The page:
Johannes François Snelleman (Rotterdam, 26 December 1852 – The Hague, 18 May 1938) was a Dutch zoologist, orientalist, ethnographer and museum director. He was a son of Christiaan Snelleman and Sara Lacombe. Snelleman was married three times, to Josepha Hendrika Dupont (1860-1899), Catharina Johanna Elisabeth Augusta Inckel (b. 1870), and Theodora Maria Beun (b. 1887).
Between 1887 and 1889 Snelleman participated as zoologist in a scientific expedition to Central Sumatra (Netherlands East Indies), with the objective to map the Hari River basin to do research into the natural environment and the people. The expedition, organised by the Koninklijk Nederlands Aardrijkskundig Genootschap (Royal Netherlands Geographical Society; KNAG), was led by lieutenant Johannes Schouw Santvoort, Royal Dutch Navy, with members Daniël David Veth (son of KNAG chairman Pieter Johannes Veth) and Arend Ludolf van Hasselt. Snelleman wrote a book about the expedition.
After the Sumatra Expedition Snelleman and Veth senior and junior kept a close contact. During a later KNAG expedition in Angola in 1884/'85, Daniël David Veth died of exhaustion. Together with his father Pieter Johannes Veth Snelleman wrote a book about Daniël David Veth and the expedition in South West Africa. Later, Snelleman would cooperate in a book series published by Veth, and titled Java, geographisch, ethnologisch, historisch (Java: geography, ethnography, history).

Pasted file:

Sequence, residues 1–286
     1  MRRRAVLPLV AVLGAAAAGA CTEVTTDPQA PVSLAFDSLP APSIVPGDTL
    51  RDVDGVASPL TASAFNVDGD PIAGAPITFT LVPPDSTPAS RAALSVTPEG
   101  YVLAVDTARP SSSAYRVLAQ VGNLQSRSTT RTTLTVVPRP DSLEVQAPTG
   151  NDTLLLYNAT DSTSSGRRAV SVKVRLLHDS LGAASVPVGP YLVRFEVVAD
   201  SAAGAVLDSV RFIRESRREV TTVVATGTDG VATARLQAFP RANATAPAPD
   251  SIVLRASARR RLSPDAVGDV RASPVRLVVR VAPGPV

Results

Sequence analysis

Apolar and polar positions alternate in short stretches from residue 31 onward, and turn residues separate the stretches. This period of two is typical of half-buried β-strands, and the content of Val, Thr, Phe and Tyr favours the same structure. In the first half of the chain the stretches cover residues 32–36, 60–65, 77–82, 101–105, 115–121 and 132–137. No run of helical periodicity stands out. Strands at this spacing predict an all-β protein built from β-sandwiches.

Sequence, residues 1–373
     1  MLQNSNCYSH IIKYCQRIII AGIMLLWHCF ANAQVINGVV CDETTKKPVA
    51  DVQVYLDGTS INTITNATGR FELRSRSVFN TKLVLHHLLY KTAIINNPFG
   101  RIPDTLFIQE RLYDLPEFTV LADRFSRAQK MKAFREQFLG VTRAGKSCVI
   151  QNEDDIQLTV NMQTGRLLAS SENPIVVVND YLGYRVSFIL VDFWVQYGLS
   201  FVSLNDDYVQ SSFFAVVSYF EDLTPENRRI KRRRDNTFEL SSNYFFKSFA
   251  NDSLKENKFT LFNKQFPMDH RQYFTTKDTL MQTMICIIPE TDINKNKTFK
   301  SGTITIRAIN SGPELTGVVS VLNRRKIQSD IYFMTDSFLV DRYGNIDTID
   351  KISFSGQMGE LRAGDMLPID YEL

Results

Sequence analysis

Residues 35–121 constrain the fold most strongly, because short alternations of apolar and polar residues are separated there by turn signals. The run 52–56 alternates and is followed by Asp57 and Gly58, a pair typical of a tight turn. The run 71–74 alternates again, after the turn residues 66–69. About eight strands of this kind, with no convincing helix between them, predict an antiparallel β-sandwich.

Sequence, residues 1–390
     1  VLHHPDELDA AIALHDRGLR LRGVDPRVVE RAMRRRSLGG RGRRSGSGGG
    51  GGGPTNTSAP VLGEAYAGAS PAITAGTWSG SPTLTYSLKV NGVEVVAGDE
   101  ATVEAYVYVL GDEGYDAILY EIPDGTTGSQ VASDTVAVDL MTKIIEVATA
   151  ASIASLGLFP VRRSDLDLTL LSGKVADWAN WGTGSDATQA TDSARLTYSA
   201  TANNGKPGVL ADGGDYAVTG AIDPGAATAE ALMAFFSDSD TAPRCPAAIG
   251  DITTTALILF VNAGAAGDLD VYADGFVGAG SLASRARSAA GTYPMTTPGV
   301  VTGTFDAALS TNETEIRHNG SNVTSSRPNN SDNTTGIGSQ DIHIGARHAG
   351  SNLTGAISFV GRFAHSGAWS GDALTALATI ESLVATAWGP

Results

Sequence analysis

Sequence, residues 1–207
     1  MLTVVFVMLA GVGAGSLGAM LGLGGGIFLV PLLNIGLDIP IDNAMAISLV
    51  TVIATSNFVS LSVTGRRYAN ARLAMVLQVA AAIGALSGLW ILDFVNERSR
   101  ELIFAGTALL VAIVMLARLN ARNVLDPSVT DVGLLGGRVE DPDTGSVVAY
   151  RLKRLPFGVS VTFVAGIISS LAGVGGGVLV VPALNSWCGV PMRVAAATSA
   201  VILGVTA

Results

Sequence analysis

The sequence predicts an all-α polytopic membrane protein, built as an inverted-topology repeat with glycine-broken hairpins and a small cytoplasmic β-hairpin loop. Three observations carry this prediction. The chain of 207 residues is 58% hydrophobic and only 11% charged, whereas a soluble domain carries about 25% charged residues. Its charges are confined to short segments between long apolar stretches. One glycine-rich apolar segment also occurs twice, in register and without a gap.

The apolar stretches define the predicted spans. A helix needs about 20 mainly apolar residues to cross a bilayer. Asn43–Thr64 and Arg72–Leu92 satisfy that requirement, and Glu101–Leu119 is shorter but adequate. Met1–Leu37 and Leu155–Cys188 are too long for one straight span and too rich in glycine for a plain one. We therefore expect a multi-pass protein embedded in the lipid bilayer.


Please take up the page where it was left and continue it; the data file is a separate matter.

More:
Snelleman was editor of the four volume Encyclopaedie van Nederlandsch-Indië (Encyclopedia the Netherlands Indies), started in 1896 with Pieter Anthonie van der Lith as sole editor. Snelleman cooperated with Van der Lith on volume two (1899) and became joint editor for volume three (1902). After the death of Van der Lith in March 1901, Snelleman completed the final volume (1905) as sole editor.
With the same Benjamins, Snelleman started the journal De West-Indische Gids (West Indian Guide) in 1919.
In 1901 Snelleman was appointed director of the Wereldmuseum Rotterdam (Ethnological Museum) in Rotterdam (later named Museum voor Land- en Volkenkunde and currently Wereldmuseum Rotterdam) and the Maritiem Museum Rotterdam (Maritime Museum 'Prince Hendrik') in that city. These two, thematically unconnected museums, were placed under a single directorship in 1885. He kept this position until early 1915, when he took his retirement due to ill-health.